Sometimes we find ourselves with stuff that we have to find a home for. We don’t see a viable use for this stuff, or maybe we just don’t have time or a vision for what to do with it.  This is where recycling often comes in. Recycling is a form of someone else reusing your waste. Sometimes it is broken down into a million pieces and put back together into something else; other times it is used mostly as-is but with new love from a new owner. Often times, recycling is the best way to maintain hazardous waste and divert it.

There are oh-so-many things that can be recycled.  Here are just a few of them:

  • Cell phones
  • Metal
  • Batteries
  • Computers
  • Paper
  • Carpet
  • Clothing
  • Glass
  • Items containing mercury

Here are a few tips for recycling:

  • Just do it!  Start a recycling bin inside your house and put up cute little signs as a reminder to you and your family.
  • Know what you can recycle & where.  The list above are just a few things that can be recycled, some that are more “alternative.”  Earth 911 is a great resource for finding locations near you that recycle items other than the common paper, plastic, glass, & metal.
  • After you get into the flow of recycling, go the extra mile.  If you are out somewhere and don’t see a recycling bin for a recyclable you’re in possession of, take it with you!  Carry things with you for a bit until you find a place to recycle them.
  • Assess your purchases (after you’ve answered the questions under the “Reduce” question) based on recyclability – i.e., is this packaging recyclable?  Avoid plastic packaging, which often can’t be recycled.  Sticking to bulk purchases reduces waste in the first place.
  • Compost!  This is a way of recycling your food waste into viable nutrients.  Learn more here.

Why Do the 3 R’s Matter?

Saves Money

Practicing mindful consumption like reducing, reusing, & recycling prevents valuable materials from going to waste.  When you turn that T-shirt into a rag, you’re saving money by not buying new rags or paper towels.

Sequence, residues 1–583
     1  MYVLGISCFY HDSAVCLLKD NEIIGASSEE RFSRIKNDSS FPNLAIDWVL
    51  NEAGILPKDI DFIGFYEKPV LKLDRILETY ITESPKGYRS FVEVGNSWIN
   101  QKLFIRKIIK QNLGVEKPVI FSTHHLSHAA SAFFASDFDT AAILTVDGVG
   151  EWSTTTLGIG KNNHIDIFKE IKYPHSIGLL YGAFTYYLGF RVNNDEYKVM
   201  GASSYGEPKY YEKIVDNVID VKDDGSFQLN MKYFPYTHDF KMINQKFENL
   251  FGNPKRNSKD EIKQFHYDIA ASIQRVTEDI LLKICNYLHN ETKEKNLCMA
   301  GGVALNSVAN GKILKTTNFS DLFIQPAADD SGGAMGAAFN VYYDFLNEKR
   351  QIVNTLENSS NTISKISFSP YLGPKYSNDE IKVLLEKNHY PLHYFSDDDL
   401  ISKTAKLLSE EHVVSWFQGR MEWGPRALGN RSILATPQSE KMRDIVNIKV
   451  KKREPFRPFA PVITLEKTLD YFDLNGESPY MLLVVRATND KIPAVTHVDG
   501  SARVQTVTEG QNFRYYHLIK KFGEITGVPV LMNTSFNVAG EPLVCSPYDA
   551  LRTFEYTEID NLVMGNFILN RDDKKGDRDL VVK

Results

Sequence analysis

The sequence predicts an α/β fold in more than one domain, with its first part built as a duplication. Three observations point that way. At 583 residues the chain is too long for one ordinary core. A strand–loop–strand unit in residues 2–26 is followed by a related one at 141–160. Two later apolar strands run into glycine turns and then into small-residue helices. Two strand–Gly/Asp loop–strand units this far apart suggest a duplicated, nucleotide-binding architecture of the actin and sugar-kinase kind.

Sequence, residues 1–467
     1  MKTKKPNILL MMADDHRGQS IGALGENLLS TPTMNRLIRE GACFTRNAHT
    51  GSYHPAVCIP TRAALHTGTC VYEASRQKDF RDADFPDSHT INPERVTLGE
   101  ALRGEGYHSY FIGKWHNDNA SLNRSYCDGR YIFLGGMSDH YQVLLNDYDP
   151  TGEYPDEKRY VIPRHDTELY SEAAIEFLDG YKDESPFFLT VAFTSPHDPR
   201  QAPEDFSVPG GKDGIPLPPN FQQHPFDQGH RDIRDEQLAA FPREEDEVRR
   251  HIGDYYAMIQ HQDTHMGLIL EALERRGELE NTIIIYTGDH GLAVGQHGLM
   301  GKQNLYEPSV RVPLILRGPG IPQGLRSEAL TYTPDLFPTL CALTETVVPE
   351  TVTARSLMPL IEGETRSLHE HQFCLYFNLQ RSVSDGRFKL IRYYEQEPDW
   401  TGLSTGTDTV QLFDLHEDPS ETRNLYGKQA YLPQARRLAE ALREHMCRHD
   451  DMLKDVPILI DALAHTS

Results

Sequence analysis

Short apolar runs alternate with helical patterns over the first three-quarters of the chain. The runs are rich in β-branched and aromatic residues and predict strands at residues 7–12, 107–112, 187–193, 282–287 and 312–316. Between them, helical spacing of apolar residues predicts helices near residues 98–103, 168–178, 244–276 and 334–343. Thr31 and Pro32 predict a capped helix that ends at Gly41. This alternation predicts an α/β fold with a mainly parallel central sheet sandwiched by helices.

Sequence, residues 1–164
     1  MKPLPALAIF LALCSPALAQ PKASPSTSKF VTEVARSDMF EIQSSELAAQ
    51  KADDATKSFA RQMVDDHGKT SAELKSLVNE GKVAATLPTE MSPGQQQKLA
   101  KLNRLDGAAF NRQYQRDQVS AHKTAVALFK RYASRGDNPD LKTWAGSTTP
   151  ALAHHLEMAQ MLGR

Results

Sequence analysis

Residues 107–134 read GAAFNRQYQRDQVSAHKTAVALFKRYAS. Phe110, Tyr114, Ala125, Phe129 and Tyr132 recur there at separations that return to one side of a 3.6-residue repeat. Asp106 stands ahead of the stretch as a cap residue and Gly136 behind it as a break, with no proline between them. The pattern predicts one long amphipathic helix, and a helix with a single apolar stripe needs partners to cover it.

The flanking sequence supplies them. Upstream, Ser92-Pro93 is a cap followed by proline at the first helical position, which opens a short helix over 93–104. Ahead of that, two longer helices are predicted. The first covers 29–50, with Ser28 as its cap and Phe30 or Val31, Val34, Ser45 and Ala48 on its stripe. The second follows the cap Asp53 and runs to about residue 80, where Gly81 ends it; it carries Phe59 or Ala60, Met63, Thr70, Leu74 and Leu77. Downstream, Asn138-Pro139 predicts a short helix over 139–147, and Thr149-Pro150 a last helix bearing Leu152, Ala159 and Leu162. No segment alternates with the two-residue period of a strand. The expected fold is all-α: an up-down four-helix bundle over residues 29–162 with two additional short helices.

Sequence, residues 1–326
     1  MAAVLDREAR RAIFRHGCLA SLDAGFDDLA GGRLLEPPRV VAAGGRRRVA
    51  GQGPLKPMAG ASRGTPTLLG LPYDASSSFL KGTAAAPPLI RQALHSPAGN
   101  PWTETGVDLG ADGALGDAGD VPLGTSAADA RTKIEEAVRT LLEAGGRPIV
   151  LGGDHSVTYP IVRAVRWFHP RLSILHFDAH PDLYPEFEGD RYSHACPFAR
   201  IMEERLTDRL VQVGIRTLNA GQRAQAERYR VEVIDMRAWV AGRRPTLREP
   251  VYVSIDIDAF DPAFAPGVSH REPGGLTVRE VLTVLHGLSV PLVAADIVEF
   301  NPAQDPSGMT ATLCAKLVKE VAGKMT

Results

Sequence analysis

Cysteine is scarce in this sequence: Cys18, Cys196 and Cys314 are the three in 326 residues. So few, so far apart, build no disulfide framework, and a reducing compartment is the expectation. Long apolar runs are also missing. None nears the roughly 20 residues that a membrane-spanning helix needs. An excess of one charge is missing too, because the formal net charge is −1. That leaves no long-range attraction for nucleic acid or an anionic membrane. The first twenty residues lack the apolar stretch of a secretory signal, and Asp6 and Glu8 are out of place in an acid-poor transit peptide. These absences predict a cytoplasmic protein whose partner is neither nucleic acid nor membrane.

Conserves Energy & Natural Resources

There is some debate over whether recycling actually saves more resources and energy since it goes through its own process to be turned into something new.  The truth is that using recycled materials in manufacture uses less energy than using completely raw materials.  In reducing, reusing, and recycling, we are also conserving natural resources like trees, water, and mineral ores.

Here are some numbers:

  • When one ton of steel is recycled, 2,500 pounds of iron ore, 1,400 pounds of coal, and 120 pounds of limestone are conserved
  • Recycling a ton of paper saves 7,000 gallons of water
  • In 2011, Americans recycled 61 billion aluminum cans, saving the energy equivalent of 17 million barrels of crude oil

Reduces Landfill Space

This is an easy one to get on board with.  The more we reduce, reuse, and recycle our waste, the less trash we put into landfills, the less space we have to devote to landfills.  Not only does this mean less of our land is dedicated to piles of garbage, but also  . . .

Less Pollution

Landfills are a major source of pollution.  Toxic emissions from landfills leach into our air, water, and soil.  This is one reason why it’s very important to recycle hazardous materials mindfully.  Even “ordinary” waste produces large amounts of methane in landfills, which are 20-30 times more potent in its climate change effects than carbon dioxide.

Engages Us
When we begin to think about our consumption habits and what we do with our waste, we become more aware of our way of living in general.  We are given an opportunity to assess the way we are living in a more mindful and less self-centered way.

Those are just a few reasons why the 3 Rs matter and some ways we can incorporate this practice into our lives.